"Winning that state championship last season was the most memorable moment of my high school career," said Ness.

Ness also has carried a 3.8 grade-point average despite an incredible courseload. Since September, he has been taking eight classes per day and three more online in an effort to graduate this spring, skip his senior year and begin playing hockey at the University of Minnesota next season.

As such, "free time is very limited," said Ness, who is preparing for the 2008 IIHF World U18 Championship in Kazan, Russia (April 13-23). "A regular day for me includes wake up at 7 a.m., attending class until 3:30, going to practice until 5:30, working out for an hour, heading back home to study and do homework and then getting on the ice again from 8 until 10 p.m. Then I finally get some sleep before starting the same routine again the next morning.

"I've always set high goals for myself and I set a goal to get to the highest level of college hockey, the NHL and even the Olympics. But I know with that comes the commitment of making them happen."

"He's one of the smartest players I've ever seen and he makes all the right plays." -- Minnetonka head coach Brian Urick
Ness' daily grind obviously is for the strong at heart.

"I find it absolutely amazing that he's able to handle that workload," Pelowski said. "I have a daughter who is a senior as Roseau and it's extremely difficult to carry one year's worth of classes. I can't imagine having two years compressed into one. But that's the type of kid he is and one of the reasons we did the proclamation."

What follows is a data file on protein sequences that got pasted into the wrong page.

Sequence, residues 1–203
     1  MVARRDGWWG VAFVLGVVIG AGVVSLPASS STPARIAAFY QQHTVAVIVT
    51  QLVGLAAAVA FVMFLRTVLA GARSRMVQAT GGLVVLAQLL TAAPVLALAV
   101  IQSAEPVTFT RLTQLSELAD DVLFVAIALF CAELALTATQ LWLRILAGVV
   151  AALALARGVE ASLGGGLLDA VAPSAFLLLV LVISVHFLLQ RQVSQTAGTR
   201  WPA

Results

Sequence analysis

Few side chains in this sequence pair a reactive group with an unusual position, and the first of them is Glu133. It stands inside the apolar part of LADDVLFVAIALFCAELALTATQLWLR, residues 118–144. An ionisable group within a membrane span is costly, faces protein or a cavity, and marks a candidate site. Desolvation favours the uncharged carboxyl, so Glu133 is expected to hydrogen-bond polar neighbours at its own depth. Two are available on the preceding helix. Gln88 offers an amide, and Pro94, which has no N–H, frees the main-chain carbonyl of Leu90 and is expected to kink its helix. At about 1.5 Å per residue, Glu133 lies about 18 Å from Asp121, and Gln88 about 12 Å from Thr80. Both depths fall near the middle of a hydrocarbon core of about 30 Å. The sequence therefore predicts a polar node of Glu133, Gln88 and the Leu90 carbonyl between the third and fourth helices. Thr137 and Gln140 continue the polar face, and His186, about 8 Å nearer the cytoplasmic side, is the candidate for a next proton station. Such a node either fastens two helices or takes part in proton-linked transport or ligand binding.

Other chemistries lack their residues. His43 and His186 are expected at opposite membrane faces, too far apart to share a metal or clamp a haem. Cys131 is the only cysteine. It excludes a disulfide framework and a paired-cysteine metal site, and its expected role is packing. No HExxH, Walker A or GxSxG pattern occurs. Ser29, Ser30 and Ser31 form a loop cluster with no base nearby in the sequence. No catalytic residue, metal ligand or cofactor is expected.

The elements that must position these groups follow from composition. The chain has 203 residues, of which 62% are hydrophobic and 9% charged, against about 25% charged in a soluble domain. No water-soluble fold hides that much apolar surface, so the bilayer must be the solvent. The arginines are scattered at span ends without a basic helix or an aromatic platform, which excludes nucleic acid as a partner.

Oliver has little doubt Ness will fulfill his academic obligations.

"Aaron wants to play in the NHL, and in order to get there he must play college hockey, so he's determined to get there as quick as possible," Oliver said. "Hockey has always been Aaron's passion and, for the last three seasons, the training and time he put in to become the player he is was second to none. He sees the ice and moves the puck as well as any player I have coached or played against. He reminds me of a young Phil Housley (from St. Paul, Minn.). He can skate, handle the puck and see the ice so well."

Despite his stature (5-foot-10, 170 pounds), Oliver feels Ness eventually will become a solid professional.

"His hand speed, stick skills and explosiveness are what set him apart from the other guy," Oliver said. "He won't move that guy in front, but he's going to be able to defend his stick by using his hand strength and smarts. And let's not forget, he hasn't even filled out yet, so he's going to get bigger and stronger. He already has a tremendous work ethic on and off the ice and that's half the battle."

Contact Mike Morreale at

View More

The NHL uses cookies, web beacons, and other similar technologies. By using NHL websites or other online services, you consent to the practices described in our Privacy Policy and Terms of Service, including our Cookie Policy.